- A report from The Village Voice archives on the first of several 'be-ins' held in New York's Central Park, organised as a protest against various government policies and acts including the Vietnam war.
Anatomy of Violence
"A sociological study of violence using footage from the Dialectics of Liberation conference in London."
- featuring Paul Goodman, Emmett Grogan, Herbert Marcuse, Allen Ginsberg.
Herbert Marcuse - Liberation from the Affluent Society
“And it is a society growing on the condition of accelerating waste, planned obsolence, and destruction, while the substratum of the population continues to live in poverty and misery.”
- Full video of Marcuse's lecture at the Congress
Dialectics of Liberation Redialled
"I also recall that Stokely Carmichael caused a commotion by refusing to admit any whites to his address on Black Power, though it’s possible I’m confusing this, too, with some other occasion"
- Performance artist, literary consultant and archivist Neil Horlicks recollects the Congress and finds some memories rather hazy
Black Power and the New Left
"This is not simply a philosophical stance or a polite expression of the necessity of one’s movement into autonomy and freedom. For Carmichael, the power relations inherent in the condition of slavery in fact depend on a systematic use of violence and the exercise of force as the primary method of perpetuating the slave economy and maintaining its delicate power relationships between slaves and masters."- Brian Thiss profiles Stokely Carmichael, Black Power and the New Left in the Dialectics of Liberation Congress in Meditations, the Journal of the Marxist Literary Group.
Kingsley Hall: RD Laing's experiment in anti-psychiatry
"We aim to change the way the 'facts' of 'mental health' and 'mental illness' are seen," a later report-come-manifesto explained. "This is more than a new hypothesis inserted into an existing field of research and therapy; it is a proposal to change the model."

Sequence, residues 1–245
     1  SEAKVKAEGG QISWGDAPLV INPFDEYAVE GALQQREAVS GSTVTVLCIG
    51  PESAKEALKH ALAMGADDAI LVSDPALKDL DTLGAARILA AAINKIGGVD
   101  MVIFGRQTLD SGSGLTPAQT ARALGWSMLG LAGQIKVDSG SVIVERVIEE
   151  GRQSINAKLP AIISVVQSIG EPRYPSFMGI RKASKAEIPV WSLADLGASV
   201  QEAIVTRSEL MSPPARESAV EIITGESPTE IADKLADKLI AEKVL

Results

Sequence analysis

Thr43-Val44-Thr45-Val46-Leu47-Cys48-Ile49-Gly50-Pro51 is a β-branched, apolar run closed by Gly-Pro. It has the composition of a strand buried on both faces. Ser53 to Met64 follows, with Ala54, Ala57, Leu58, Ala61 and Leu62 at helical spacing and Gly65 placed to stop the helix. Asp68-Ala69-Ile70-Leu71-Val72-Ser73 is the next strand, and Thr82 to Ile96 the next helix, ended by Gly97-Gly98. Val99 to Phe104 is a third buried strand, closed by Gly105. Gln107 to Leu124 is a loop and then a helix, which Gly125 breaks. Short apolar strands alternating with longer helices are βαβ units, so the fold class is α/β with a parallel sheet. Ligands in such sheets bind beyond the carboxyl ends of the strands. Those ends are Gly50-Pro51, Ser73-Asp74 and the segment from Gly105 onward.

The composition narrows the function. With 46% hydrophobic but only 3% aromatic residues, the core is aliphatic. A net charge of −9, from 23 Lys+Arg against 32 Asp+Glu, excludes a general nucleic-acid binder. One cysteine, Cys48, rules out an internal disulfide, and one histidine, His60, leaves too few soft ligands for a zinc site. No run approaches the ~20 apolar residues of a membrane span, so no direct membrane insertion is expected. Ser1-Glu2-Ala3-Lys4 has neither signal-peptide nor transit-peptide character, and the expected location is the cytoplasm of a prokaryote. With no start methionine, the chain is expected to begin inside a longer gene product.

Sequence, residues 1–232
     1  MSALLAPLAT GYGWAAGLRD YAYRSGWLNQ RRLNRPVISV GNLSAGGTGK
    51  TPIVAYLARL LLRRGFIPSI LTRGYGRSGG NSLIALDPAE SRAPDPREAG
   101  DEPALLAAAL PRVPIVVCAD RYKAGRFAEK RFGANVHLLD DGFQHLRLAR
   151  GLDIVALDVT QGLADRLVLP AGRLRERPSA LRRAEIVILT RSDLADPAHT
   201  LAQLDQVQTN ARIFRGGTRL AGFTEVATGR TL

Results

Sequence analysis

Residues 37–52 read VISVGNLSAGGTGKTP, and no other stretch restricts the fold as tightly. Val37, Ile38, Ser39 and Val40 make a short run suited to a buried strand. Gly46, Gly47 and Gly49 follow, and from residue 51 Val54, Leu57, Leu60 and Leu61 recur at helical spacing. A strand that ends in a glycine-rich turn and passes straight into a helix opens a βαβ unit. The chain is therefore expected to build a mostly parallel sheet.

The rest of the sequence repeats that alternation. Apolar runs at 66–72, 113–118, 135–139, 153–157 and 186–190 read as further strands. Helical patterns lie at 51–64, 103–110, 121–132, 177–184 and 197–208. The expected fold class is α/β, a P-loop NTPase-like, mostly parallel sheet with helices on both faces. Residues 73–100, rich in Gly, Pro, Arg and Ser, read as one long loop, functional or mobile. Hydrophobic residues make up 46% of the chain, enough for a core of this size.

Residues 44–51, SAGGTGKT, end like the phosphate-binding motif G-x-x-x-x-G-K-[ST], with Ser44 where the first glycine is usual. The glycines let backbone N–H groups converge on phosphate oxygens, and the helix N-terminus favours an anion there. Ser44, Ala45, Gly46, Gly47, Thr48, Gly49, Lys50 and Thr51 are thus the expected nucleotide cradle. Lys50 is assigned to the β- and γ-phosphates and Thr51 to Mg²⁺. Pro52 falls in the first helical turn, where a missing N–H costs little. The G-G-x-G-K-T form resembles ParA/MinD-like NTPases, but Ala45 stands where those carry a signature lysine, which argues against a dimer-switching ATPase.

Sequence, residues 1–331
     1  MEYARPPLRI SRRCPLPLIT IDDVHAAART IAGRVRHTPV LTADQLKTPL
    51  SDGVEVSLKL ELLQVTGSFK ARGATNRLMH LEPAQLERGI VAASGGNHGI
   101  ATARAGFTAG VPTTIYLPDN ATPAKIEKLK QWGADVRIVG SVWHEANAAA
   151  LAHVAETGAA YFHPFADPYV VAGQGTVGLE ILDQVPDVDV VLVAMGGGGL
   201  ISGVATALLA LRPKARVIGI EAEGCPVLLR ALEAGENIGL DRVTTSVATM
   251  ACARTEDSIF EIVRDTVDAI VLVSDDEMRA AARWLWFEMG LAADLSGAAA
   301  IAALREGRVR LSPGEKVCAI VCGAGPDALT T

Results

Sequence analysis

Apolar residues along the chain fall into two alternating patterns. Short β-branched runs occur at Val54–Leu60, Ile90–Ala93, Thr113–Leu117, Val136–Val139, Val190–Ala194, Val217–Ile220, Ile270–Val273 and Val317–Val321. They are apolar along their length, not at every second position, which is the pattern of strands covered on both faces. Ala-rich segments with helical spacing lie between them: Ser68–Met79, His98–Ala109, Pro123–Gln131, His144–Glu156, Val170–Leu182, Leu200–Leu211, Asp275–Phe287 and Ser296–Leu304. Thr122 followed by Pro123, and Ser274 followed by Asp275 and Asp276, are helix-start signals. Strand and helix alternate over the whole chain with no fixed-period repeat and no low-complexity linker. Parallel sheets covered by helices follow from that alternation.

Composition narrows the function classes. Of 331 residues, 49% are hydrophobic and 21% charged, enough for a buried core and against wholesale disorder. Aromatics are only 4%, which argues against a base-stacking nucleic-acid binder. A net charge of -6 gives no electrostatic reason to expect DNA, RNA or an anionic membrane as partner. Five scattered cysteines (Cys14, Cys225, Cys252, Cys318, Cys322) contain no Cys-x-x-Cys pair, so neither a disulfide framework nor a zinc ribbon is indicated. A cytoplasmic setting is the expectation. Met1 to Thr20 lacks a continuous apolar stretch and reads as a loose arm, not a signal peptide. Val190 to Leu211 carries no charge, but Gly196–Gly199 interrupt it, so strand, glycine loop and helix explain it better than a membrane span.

- R. D. Laing's revolutionary 'anti-psychiatry' in practice at Kingsley Hall in East London, as profiled in the Guardian by Sean O'Hagan.
Ah! Sunflower: Allen Ginsberg Recalled, Rebranded, Released
"Dead heroes of the counter-culture before they were packaged for the retail counter of Virgin superstores"
- An article in Vertigo by Iain Sinclair on the DVD release of his film Ah! Sunflower, which followed Allen Ginsberg visiting London in 1967, including his interventions at the Dialectics of Liberation Congress.
We can’t just tweet in the face of genocide
"It's not enough for people to wake up when blood is splashed across their screens and images of mutilated children flash by, only to then return to normalisation of ethnic cleansing. Israel's occupation does not rest, neither should we. We all have a role to play"
- Ewa Jasiewicz, who will be speaking at our event at the Roundhouse on 15 July, explains how you can join the growing Boycott, Divestment and Sanctions movement against Israel's massacre and occupation in Red Pepper
Sex, Race and Class
"Strange to think that even today, when confronted with the autonomy of the Black movement or the autonomy of the women's movement, there are those who talk about this 'dividing the working class.'"
- Selma James, also speaking at our event at the Roundhouse on 15 July, on how capitalism and the Left have mystified the real relationships between the categories of Sex, Race and Class. First published in pamphlet form in 1975 and archived on Libcom.org
Dialectics of Liberation dot com - An archive of the Congress and its legacy.
Antihistory- a blog collecting materials relating to the 'Antiuniversity of London', a shortlived, intense experiment into selforganised education and communal living that emerged from the Dialectics of Liberation Congress, rooting itself at 49 Rivington Street, Shoreditch in February 1968.